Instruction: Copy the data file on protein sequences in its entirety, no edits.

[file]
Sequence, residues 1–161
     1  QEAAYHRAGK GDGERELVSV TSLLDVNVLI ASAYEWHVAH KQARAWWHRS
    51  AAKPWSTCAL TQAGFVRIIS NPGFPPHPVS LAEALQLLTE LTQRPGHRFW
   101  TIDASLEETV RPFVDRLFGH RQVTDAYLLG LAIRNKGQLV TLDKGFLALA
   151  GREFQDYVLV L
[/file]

Sequence, residues 1–161
     1  QEAAYHRAGK GDGERELVSV TSLLDVNVLI ASAYEWHVAH KQARAWWHRS
    51  AAKPWSTCAL TQAGFVRIIS NPGFPPHPVS LAEALQLLTE LTQRPGHRFW
   101  TIDASLEETV RPFVDRLFGH RQVTDAYLLG LAIRNKGQLV TLDKGFLALA
   151  GREFQDYVLV L